Citizens in three districts of the Choctaw Nation will head to the polls for the 2021 Tribal Council elections Saturday, July 10.
Of the 12 district seats that make up nation’s Tribal Council, Districts 4, 7 and 10 are up for grabs in this election. In three other districts that would usually be scheduled for an election this year — Districts 6, 9 and 12 — the incumbents are running unopposed. Once elected, councilmembers serve four-year terms.
Districts 4 and 7 are open seats, while District 10 voters will decide between the incumbent and a challenger who says he was improperly stricken from a ballot during the Choctaw Nation’s 2015 chief election.
All Choctaw citizens who are at least 18 years old are eligible to vote. Early voting begins July 9, and same-day registration is available at polling sites. More information is available in the tribe’s official election guide.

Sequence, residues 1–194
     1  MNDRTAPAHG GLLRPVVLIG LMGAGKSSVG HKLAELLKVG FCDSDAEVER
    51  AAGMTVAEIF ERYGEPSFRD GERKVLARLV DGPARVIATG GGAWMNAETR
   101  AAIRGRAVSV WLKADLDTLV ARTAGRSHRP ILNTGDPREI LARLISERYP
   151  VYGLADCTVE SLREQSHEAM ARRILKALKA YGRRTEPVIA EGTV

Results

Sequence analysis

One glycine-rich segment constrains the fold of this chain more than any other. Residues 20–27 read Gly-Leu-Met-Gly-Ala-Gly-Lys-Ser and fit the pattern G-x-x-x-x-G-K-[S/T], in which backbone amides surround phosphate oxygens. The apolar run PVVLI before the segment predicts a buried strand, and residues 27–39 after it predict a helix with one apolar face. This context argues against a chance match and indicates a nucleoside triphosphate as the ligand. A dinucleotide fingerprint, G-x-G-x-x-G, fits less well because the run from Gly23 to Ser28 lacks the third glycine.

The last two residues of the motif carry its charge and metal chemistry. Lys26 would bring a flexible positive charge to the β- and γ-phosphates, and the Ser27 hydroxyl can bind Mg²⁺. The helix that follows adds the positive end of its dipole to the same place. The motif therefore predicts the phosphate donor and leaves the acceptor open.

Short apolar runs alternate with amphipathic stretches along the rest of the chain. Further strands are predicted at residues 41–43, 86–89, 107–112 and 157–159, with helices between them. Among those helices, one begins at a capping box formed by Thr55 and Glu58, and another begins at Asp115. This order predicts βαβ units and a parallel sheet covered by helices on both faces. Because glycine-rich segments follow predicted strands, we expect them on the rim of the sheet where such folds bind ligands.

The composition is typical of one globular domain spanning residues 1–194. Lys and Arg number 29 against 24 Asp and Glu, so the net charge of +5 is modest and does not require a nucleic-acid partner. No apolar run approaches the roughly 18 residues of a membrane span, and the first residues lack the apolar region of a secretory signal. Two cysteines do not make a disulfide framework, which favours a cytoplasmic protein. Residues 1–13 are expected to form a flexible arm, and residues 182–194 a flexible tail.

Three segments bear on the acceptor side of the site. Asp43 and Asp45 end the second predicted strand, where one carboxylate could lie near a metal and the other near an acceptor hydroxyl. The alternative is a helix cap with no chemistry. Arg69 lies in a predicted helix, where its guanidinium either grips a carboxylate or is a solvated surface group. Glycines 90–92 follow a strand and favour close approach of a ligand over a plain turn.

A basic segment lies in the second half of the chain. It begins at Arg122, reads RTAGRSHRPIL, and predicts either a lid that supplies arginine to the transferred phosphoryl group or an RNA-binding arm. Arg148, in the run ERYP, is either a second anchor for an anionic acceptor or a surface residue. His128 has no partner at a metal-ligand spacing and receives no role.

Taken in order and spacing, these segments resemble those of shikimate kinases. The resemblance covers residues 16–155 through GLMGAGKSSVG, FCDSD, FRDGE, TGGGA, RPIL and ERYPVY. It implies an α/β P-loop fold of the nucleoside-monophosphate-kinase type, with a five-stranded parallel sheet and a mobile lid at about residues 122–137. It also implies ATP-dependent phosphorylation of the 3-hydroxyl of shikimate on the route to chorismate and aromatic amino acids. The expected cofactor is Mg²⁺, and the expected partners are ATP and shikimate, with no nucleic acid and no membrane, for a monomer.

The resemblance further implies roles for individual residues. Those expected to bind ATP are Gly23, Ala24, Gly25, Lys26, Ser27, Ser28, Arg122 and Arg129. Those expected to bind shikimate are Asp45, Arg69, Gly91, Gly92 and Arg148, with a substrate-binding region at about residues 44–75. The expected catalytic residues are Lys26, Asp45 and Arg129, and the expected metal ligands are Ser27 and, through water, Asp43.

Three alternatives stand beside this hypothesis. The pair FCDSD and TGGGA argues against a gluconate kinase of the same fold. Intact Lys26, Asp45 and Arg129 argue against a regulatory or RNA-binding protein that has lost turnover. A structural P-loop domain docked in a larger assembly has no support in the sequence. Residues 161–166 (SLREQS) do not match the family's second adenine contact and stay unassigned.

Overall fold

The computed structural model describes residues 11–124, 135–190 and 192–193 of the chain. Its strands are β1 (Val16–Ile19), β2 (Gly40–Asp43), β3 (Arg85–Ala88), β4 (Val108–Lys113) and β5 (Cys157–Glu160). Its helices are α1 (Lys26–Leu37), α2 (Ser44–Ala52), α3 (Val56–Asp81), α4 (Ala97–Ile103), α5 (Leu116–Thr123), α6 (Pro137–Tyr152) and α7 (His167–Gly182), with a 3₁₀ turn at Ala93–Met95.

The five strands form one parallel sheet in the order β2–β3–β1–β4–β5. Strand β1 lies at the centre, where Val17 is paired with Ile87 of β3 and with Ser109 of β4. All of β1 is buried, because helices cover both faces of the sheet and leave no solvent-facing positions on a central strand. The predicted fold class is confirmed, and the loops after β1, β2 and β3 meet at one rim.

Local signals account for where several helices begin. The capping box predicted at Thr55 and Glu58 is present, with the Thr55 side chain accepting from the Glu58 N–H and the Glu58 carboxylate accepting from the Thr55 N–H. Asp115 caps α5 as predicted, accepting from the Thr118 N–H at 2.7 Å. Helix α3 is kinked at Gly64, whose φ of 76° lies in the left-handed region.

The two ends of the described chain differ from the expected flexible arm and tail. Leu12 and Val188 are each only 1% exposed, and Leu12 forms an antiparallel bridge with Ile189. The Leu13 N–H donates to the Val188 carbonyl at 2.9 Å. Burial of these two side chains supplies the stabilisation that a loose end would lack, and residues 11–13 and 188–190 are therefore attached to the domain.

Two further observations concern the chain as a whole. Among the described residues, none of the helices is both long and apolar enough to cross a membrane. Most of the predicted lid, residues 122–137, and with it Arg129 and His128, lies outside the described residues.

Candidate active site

If no candidate in the District 7 race receives more than 50 percent of the vote, a runoff election between the top two general election finishers will be held on a subsequent Saturday, although a specific date is not listed on the Choctaw Nation’s elections page.
The following profiles of the candidates in the three contested districts of the Choctaw Nation Tribal Council were assembled using publicly available information. Candidates are presented in alphabetical order.
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Council District 4
Name: Jess Henry
Profession/Background: Henry, who currently lives in Pocola, Oklahoma, grew up in Tamaha and graduated from Stigler High School before earning associate degrees from Oklahoma State University Institute of Technology and University of Arkansas Fort Smith.